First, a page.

That is what groups such as Faith and Ecology Network (FEN) and Australian Religious Response to Climate Change (ARRCC) do.  They are groups of people of a range of faiths who share a common commitment to care for the Earth. Similar organisations exist in other countries and internationally.

Much of what ARRCC members believe and work toward extends beyond climate change and serves as a model for why people of faith should care about our environment – and how they can go about it.  (This is how it should be, because ARRCC draws on religious teachings and applies it to climate change and so this process should therefore be easily applied in reverse – and that is why this article draws heavily on material on the ARRCC website. I also acknowledge help from the Southern African Faith Communities’ Environment Institute website.)

Like many issues we face today, climate change and all environmental damage is not only a scientific, environmental, economic and political issue – it is also a profoundly moral and spiritual one:

  • Creation – the Earth’s ecosystems and all their components –  is intrinsically precious and beautiful and deserves protection;
  • the wellbeing of human beings is dependent on Earth’s ecosystems and their components maintaining their integrity and flourishing; and
  • it is the vulnerable people of the world who are most impacted by climate change and other environmental degradation and crises.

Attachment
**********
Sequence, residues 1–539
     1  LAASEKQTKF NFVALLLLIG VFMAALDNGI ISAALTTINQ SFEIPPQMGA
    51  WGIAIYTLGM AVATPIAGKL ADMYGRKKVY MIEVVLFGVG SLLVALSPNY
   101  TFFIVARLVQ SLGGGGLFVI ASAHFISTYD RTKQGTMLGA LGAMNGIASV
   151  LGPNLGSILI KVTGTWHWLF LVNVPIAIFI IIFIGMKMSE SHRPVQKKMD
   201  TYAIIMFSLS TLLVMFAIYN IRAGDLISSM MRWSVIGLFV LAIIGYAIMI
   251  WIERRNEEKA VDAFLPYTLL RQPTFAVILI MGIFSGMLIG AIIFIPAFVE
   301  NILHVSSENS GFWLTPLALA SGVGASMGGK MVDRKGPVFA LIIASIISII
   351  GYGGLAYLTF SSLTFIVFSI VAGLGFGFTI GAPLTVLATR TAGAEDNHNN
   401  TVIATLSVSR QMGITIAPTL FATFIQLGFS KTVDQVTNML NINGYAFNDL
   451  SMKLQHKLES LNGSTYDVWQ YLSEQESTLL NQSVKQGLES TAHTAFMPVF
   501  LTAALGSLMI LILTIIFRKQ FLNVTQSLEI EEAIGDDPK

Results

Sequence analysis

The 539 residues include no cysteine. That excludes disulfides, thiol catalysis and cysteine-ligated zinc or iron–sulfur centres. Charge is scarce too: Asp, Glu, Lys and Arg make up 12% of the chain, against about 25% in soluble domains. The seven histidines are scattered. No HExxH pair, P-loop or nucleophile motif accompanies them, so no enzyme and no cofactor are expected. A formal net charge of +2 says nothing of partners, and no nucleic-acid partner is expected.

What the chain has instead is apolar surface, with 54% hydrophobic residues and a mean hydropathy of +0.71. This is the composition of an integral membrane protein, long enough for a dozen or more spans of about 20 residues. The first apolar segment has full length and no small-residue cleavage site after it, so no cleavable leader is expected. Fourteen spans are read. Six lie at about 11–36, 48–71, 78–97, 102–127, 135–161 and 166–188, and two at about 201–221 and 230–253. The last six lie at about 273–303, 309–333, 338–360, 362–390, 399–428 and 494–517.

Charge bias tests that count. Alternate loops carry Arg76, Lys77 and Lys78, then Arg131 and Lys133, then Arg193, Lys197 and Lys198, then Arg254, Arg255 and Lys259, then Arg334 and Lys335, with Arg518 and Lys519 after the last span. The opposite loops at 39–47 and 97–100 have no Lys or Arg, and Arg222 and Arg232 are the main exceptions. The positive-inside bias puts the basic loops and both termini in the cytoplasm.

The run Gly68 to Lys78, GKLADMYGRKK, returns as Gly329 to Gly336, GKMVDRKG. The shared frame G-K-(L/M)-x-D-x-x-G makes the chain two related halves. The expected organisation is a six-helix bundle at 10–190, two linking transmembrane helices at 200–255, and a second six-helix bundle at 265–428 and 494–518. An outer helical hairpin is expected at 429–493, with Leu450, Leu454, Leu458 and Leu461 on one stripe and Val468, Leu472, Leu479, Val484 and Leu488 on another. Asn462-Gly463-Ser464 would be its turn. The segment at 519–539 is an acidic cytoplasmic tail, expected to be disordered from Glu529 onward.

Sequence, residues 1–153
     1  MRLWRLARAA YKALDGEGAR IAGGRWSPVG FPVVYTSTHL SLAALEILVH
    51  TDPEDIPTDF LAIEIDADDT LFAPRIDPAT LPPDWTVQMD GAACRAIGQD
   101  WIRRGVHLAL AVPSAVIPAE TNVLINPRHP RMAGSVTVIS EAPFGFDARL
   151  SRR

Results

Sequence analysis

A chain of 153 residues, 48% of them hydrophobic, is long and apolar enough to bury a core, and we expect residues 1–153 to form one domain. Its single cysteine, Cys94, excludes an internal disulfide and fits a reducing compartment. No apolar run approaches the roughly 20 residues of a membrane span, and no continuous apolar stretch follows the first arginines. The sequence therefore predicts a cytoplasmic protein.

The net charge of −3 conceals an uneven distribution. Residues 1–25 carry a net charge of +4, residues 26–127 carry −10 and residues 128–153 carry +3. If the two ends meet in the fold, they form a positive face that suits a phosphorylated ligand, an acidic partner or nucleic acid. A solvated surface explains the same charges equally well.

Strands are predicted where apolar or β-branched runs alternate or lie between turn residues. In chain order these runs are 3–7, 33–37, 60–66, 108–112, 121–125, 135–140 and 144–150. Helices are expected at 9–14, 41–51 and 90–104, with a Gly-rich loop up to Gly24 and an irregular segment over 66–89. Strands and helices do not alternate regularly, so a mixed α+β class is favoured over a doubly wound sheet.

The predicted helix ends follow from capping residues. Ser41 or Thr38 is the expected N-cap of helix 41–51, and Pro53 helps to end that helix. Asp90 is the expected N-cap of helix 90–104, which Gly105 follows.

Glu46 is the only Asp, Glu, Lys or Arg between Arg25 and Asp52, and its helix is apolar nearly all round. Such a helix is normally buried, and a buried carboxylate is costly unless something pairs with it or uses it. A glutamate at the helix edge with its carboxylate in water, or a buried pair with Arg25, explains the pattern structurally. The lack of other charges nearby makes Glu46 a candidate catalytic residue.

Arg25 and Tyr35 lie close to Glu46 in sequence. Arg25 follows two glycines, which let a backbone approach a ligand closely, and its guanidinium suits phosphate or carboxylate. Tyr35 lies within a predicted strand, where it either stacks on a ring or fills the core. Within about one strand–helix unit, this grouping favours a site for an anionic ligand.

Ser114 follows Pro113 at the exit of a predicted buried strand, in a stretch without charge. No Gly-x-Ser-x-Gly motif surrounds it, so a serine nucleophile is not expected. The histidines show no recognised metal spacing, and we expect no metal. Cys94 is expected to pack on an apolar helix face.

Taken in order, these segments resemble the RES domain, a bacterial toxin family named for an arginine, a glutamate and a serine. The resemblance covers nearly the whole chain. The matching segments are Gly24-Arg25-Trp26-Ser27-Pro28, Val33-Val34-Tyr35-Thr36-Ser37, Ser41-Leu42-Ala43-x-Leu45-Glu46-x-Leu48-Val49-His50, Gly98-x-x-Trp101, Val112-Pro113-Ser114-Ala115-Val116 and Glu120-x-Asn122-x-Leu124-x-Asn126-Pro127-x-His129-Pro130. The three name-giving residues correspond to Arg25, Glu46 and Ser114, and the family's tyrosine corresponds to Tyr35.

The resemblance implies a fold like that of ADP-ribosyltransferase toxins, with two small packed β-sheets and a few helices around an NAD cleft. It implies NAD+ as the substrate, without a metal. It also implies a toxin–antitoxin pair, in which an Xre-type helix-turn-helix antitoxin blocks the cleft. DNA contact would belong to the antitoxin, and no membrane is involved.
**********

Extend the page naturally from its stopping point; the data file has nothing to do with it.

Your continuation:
People of all faiths can and should be at the forefront of protecting Creation and reinstating the ecological integrity of Earth, including its physical elements such as a safe climate. That’s because people of faith are dedicated to the common good, inspired by their beliefs and energized by their spirituality.

While celebrating the uniqueness of their different traditions, people of faith can stand together in working for an ecologically and socially sustainable future. This can help us envisage embracing a sustainable future, one that is based on a more ethical understanding of human prosperity and the flourishing of all.

To achieve this vision of sustainability, people of faith and religious communities more generally need to actively reflect their love for our precious planet and its inhabitants and deep reverence for life in their day-to-day choices.